Meanwhile, countries in the region all share an aspiration for the maintenance of peace, stability, cooperation and development, and are averse to being drawn into big-power competition. That is why many ASEAN countries have expressed the concern that confrontation and strategic competition between the US and China might increase tension and instability in the region, and they are not willing to choose between the US and China, still less to ally with the US against China.

However, actual developments in the current regional situation, in particular China’s claims and behavior in the South China Sea, have increased the anxiety of the regional and international community. China’s concerted and rapid moves to increase its military strength and speed up militarization in the South China Sea have led to serious imbalances in the regional co-relation of forces, with China holding absolute supremacy. Among countries bordering the South China Sea, China alone possesses nuclear weapons and aircraft carriers. Its defense expenditures and military might, including the navy and air force, have increased much more rapidly than those of the other coastal states, and are many times larger than the combined strength of all the latter. You may argue, as an explanation, that China is a big country with 1.4 billion inhabitants and the world’s second largest economy, but you may also imagine what would be the outcome when such a power superiority is used for the materialization of China’s ambitious claims in the South China Sea. Also, you may ask yourself why has China so rapidly developed landing ships and militarized banks and rocks in the high sea, while there is certainly no country that is foolish enough to attack features currently occupied byChina. Such a thing also has not occurred throughout the past more than 70 years, during which Chinahas been the sole country using armed force to attack and occupy islands belonging to others.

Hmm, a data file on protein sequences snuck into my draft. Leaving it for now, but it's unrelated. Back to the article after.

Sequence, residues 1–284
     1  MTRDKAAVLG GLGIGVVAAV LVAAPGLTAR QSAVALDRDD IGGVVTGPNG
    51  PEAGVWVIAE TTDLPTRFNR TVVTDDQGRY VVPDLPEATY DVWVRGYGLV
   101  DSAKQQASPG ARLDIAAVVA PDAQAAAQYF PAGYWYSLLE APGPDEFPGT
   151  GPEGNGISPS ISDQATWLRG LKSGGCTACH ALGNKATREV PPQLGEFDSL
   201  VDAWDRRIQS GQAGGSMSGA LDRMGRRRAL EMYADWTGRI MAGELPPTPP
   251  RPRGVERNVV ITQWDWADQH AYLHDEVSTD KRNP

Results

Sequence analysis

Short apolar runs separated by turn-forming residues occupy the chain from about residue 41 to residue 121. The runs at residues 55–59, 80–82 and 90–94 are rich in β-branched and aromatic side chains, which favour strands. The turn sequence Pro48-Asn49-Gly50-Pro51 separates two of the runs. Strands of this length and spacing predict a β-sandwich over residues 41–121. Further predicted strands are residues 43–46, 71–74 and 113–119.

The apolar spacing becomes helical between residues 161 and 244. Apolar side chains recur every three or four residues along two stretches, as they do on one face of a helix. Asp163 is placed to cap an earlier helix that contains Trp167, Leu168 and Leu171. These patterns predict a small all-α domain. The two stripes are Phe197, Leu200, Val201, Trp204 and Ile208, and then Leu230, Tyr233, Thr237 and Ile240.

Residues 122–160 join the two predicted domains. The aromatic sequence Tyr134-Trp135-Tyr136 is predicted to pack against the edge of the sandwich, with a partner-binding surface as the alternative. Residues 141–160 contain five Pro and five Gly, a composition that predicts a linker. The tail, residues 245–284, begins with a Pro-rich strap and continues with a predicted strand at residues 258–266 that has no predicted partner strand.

Paradoxically, while standing opposed to a US "unipolar" order in the world, China itself seems to be trying to impose its own "unipolar" order in East Asia, particularly in the South China Sea. While often upholding multilaterism and international law in many global issues, China has opted for a quite opposite position in relation to not a few regional issues, especially the South China Sea. China’s constant obstruction to the “multilaterization” of the South China Sea issue, its rejection of the Permanent Court of Arbitration’s ruling on the Filipino lawsuit, its then Foreign Minister Yang Jiechi’s July 2010 comment on “big country / small countries”, and Chinese Foreign Ministry spokesman Zhao Lijian’s May 12, 2020 statement that "Vietnam has no right to comment on China's fishing ban in the South China Sea" are just some of the many examples of China’s real attitude on its relations with neighboring countries and its approach to a regional order.